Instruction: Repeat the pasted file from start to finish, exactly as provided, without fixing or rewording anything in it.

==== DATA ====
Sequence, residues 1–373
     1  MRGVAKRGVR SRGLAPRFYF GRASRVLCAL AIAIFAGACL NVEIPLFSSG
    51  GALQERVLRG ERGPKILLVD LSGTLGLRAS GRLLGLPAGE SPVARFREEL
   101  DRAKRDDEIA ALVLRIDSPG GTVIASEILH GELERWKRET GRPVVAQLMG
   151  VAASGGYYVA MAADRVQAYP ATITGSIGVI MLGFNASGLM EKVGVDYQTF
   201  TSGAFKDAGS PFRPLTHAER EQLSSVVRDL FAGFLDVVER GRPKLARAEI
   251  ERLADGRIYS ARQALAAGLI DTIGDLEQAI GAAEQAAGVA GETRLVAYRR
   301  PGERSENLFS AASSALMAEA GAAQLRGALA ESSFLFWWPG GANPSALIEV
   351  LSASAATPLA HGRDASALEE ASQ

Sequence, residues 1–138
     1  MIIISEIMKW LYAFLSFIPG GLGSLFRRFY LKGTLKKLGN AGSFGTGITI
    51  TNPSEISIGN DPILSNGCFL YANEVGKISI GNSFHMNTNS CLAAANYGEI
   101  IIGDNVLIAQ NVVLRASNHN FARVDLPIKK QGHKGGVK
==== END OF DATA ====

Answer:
Sequence, residues 1–373
     1  MRGVAKRGVR SRGLAPRFYF GRASRVLCAL AIAIFAGACL NVEIPLFSSG
    51  GALQERVLRG ERGPKILLVD LSGTLGLRAS GRLLGLPAGE SPVARFREEL
   101  DRAKRDDEIA ALVLRIDSPG GTVIASEILH GELERWKRET GRPVVAQLMG
   151  VAASGGYYVA MAADRVQAYP ATITGSIGVI MLGFNASGLM EKVGVDYQTF
   201  TSGAFKDAGS PFRPLTHAER EQLSSVVRDL FAGFLDVVER GRPKLARAEI
   251  ERLADGRIYS ARQALAAGLI DTIGDLEQAI GAAEQAAGVA GETRLVAYRR
   301  PGERSENLFS AASSALMAEA GAAQLRGALA ESSFLFWWPG GANPSALIEV
   351  LSASAATPLA HGRDASALEE ASQ

Sequence, residues 1–138
     1  MIIISEIMKW LYAFLSFIPG GLGSLFRRFY LKGTLKKLGN AGSFGTGITI
    51  TNPSEISIGN DPILSNGCFL YANEVGKISI GNSFHMNTNS CLAAANYGEI
   101  IIGDNVLIAQ NVVLRASNHN FARVDLPIKK QGHKGGVK